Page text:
Singing the winter blues

Winter 2013 – Treasures close to home: snow, local gigs, and (of course) organs.


Well hello again. It’s been a long midwestern winter here, filled with much more of this

kids in snow


than this


or at least it seems that way sometimes. However, when I sit down and think about it, I certainly can’t complain.


The winter started in Advent, I think it’s safe to say, and I was pleased to be back in Chicago to visit some old friends – both the musicians and the Flentrop at Holy Name Cathedral.  Thanks to Ricardo Ramirez and David Jonies!

Kzoo letourneau

(and thanks also go out to Dan Schwandt for the use of his luxurious guest sofa yet again…)

I enjoyed playing some great German music, both old and new, at Holy Name – Weckmann, Bach, and Distler, and loved hearing the choir sing a beautiful and inspiring evensong after my recital.


In the course of the winter, I’ve had the opportunity to take a few organ field trips. I was back in South Bend, IN to see Craig Cramer and the wonderful Fritts at University of Notre Dame. I didn’t take any new pictures on this trip, look at my old post for some shots of the Fritts.

I took a trip over to Kalamazoo, and saw a few instruments there.

Kzoo college

The Wolff at Kalamazoo College and the Letourneau at First Baptist.

Kzoo Letourneau

On the way to Kalamazoo, I also stopped to see another old friend, the Johnson organ from 1886 at the Episcopal church of the Good Shepherd in the small Michigan town of Allegan.

Allegan Church of Good Shepherd

Isn’t that a lovely church?

Allegan Johnson

(love those old keyboards!)


Speaking of early American instruments, I was bowled over when I stopped in at the Seventh Day Adventist church in Grand Rapids to see their Johnson organ.

Johnson in GR-fascade shot

This instrument is from 1894, in a breathtaking space, and in super shape.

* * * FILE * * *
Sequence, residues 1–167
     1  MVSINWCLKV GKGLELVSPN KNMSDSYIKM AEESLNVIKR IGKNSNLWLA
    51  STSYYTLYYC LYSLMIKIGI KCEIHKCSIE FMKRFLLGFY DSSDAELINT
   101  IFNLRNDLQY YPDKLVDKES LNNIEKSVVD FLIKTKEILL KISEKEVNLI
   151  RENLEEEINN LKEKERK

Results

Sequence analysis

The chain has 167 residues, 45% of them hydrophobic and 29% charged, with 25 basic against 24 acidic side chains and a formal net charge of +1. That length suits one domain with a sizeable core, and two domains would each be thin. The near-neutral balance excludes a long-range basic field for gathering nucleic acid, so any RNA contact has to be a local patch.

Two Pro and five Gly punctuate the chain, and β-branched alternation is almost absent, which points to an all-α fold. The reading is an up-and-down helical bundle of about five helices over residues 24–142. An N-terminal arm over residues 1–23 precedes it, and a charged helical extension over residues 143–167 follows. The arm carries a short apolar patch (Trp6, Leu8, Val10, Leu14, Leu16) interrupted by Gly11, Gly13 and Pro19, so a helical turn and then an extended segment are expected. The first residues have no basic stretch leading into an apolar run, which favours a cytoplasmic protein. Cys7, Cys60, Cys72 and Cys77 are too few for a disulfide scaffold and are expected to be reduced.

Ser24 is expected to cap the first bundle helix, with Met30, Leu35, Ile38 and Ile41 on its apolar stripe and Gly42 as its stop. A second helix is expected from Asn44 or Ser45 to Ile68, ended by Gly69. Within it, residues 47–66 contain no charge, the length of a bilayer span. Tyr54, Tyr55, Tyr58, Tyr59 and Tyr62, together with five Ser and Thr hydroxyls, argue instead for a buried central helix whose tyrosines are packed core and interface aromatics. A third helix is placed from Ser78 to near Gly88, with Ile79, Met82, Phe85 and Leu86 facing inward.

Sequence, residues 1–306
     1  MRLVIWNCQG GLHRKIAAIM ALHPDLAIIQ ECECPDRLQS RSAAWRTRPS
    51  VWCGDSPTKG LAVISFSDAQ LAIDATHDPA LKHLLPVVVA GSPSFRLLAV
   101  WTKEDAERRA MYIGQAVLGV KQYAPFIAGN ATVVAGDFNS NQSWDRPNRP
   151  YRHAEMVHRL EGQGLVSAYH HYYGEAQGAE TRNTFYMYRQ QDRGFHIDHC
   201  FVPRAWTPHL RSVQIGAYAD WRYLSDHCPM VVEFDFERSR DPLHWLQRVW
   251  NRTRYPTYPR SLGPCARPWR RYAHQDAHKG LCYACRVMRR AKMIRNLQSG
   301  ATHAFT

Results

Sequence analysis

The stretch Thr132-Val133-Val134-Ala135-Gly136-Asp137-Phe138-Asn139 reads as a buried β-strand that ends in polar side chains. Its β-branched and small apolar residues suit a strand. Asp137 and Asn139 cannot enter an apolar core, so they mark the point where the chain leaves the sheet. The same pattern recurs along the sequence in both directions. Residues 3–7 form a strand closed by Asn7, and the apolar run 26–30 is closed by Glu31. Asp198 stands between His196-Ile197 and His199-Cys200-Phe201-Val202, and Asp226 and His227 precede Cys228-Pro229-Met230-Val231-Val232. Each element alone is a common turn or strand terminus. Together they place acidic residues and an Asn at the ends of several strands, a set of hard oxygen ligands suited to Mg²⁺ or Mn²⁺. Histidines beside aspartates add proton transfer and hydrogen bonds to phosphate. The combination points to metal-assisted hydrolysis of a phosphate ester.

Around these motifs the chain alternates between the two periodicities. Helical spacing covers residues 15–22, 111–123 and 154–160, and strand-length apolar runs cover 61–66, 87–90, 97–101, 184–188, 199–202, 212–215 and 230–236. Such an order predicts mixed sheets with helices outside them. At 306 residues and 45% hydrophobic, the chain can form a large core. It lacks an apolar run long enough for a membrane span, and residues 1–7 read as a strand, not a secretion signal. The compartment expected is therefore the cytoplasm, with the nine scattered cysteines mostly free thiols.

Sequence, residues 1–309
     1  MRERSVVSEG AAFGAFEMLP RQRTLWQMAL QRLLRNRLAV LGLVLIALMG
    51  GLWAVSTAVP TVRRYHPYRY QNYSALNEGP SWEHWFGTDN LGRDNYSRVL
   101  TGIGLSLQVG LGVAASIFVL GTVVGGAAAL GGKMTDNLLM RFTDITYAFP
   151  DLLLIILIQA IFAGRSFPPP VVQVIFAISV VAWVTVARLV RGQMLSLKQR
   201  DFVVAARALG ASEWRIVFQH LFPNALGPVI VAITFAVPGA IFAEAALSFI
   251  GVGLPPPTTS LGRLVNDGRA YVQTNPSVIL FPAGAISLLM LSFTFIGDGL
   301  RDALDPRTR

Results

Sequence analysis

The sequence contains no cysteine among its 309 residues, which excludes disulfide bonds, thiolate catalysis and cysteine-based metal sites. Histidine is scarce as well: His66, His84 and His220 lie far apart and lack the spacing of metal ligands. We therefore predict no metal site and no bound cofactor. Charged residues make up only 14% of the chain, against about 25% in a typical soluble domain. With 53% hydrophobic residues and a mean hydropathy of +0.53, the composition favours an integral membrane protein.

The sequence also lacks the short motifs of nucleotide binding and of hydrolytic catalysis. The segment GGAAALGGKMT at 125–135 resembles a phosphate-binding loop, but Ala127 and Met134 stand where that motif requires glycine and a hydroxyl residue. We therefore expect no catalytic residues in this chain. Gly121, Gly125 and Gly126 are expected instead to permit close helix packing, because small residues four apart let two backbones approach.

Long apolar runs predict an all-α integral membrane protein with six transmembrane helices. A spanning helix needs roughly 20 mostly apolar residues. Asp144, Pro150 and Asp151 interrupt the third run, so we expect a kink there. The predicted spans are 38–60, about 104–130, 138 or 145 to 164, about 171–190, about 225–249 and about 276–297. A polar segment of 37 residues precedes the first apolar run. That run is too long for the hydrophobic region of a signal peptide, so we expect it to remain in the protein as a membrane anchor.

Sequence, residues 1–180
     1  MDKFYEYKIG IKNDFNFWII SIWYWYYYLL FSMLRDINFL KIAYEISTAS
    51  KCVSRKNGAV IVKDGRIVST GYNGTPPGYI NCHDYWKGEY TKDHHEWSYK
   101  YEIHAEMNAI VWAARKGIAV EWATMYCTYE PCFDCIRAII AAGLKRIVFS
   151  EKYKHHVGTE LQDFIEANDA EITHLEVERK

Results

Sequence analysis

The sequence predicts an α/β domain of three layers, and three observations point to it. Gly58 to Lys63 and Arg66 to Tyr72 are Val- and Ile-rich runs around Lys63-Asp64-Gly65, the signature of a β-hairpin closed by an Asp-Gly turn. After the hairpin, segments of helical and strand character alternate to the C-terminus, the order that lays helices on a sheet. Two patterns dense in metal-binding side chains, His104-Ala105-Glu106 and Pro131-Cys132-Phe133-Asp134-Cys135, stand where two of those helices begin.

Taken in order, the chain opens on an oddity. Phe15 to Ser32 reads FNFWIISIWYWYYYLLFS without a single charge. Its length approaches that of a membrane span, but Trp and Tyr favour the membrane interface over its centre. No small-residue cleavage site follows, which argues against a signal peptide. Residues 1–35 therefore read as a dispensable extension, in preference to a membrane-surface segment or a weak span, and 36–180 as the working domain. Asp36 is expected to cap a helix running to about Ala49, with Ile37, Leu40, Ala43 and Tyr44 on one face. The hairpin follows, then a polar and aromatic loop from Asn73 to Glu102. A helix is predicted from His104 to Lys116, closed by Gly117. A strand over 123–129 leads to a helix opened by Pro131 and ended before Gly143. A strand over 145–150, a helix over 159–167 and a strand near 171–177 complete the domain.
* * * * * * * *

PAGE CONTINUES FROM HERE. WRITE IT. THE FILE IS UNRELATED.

Johnson GR closeup

I loved the mirror over the organ, so the organist can see what’s happening in the sanctuary behind his/her head, and tried to take a picture of that. I’m not sure it was totally successful, but you get the idea.  No subtle dozing during the sermon from this perch!

Johnson GR console


I was also over at Grace Episcopal in East Grand Rapids again. They have a gigantic Noak up at the front of the sanctuary, in this tony neighborhood of Grand Rapids, and it is quite a bit of fun to pull out my North German repertoire when I get the chance to play there.

Noak GR


Since the new year, confined mostly to Holland because of snow and that sense of lethargy that sets in around this time of year, I have spent some time on two of the mechanical action instruments in town.

(I don’t have any pictures of them yet, but I’ll have to work on that.)

While not quite as lovely as some others I know, they do help my fingers from getting too lazy. I now have a key for both instruments, since, as we all know, you can tell how important an organist is by how many keys to different instruments they have. Or something like that… (by the way, Prof. Harald Vogel has keys for ALL the best instruments!)


Besides organ field trips, during lulls in performance and traveling, it’s nice to fill in one’s time with some local gigs. In western Michigan, this is not a big money-making venture, but it is a good way to get to know local people and the local scene. And I like performing interesting music for interested audiences, so I’m looking forward to playing for some local organizations and churches in the next month. I’m playing piano for a violinist’s senior recital at Hope College (including the fascinating Sonata Dramatico by Clara Kathleen Rogers, which Katie Callam discovered during her musicology studies), the obligato organ part for Cantata 168 with the Grand Rapids Bach Chorale, a children’s concert including Peter and the Wolf, and a program of German music on the German/Dutch-inspired organ at Western Seminary in Holland.

Finally, it’s always exciting when good musicians come to town, even more so when they are friends I’m glad to see. Andy Kotylo performed a concert for the Grand Rapids AGO, and it was fun to see an old friend. He played a jaw-droppingly difficult program with lots of excitement, accuracy, and musicality, and it was a treat to see him again, gab over dinner together, and hear him play so well. 

 Andy and I

As an afterward, I just heard I’ll be featured on a program of Pipedreams on public radio during the week of March 4, playing a few pieces from the inaugural program of the Wahl organ in Chicago. This is a great organ, a good program, and Michael Barone picked some of the best selections from this program.  Thanks Michael!

Augustana dedication

After the dedication concert, with Dan Schwandt, cantor at Augustana, and Ron Wahl, organbuilder.